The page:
Re: DAM and NEW queues processing
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- Subject: Re: DAM and NEW queues processing
- From: Wouter Verhelst <firstname.lastname@example.org>
- Date: Fri, 17 Jul 2009 11:46:31 +0200
- Message-id: <20090717094631.GA20439@celtic.nixsys.be>
- In-reply-to: <20090625201959.GA5706@sirena.org.uk>
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On Thu, Jun 25, 2009 at 09:20:00PM +0100, Mark Brown wrote:
> On Thu, Jun 25, 2009 at 03:46:50PM +0100, Matthew Johnson wrote:
> > On Thu Jun 25 13:23, Mark Brown wrote:
> > > I stopped being an AM largely as a result of the introduction of the
> > > templated questions. I felt that all I was doing was shooting enormous
> > I didn't think that using the templates was required for AMs, merely a
> > useful tool. I think AMs should be able to check to their satisfaction
> > in other ways as appropriate, as long as it produces a similar result
> In theory. In practice that wasn't the impression that was given; the
> impression that was given was that they really really should be used.
> Even if I had carried on it was uncomfortable knowing that there
> presence or absence of the templates varied.
In practice, I (with my not that often used FD hat on) will accept an AM
report that is a result of a non-templated process, provided that the AM
was thorough in their requests.
If 'not using the templates' is just an excuse for "I think there's just
way too much stuff in the templates, and I want to get this over with,
with as little effort as possible", then I will not accept it. However,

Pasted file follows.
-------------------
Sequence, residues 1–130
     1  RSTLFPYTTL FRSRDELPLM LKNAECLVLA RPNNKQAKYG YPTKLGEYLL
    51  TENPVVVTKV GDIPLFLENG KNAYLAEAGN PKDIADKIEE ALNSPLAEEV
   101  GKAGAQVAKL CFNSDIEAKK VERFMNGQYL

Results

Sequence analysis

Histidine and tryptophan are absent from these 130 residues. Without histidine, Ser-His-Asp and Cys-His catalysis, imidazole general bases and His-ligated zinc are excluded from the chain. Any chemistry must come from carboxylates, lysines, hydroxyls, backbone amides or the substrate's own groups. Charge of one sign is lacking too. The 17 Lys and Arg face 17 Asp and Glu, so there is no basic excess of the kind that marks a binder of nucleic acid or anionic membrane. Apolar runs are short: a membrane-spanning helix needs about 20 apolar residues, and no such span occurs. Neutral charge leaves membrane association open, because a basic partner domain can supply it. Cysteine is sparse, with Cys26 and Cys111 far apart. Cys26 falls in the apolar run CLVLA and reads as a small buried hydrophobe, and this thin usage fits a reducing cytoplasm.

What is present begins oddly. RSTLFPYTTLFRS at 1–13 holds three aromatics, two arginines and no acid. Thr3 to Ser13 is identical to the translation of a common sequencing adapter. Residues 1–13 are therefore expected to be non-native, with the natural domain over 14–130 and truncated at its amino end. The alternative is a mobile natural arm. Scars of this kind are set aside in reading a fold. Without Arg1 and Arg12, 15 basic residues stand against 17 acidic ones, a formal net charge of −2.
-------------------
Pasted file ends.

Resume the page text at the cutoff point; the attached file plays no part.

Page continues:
if the mailbox convinces me that the AM did indeed thorougly check the
skills and knowledge of the NM, in about as thorough a manner as would
be done through use of the templates (or better, which is hardly
difficult), then I personally do not object to people ignoring the
templates; on the contrary.
I don't have any reason to think the DAM's idea of this is different,
but I could of course be mistaken.
> > (you are happy that the candidate _does_ know all those things and will
> > probably get them right in practice).
> Personally I think it's far more interesting to try to get an idea of
> how they'll handle things if they're working on something they've not
> looked at before and how they'll handle things when stuff doesn't go
> according to plan. The big lists of questions kind of work against
That is most certainly true; the big list of questions is mostly an
attempt at trying to cover as much as possible, so anyone (even those
who clearly know their stuff) are tested thoroughly. Personalizing the
process by asking little questions about things the applicant is clearly
an expert on, but asking more and doing more mentoring on areas the
applicant is not an expert on, is certainly welcome. I definitely would
like to see more people doing so.
The biometric identification system at the gates of the CIA headquarters
works because there's a guard with a large gun making sure no one is
trying to fool the system.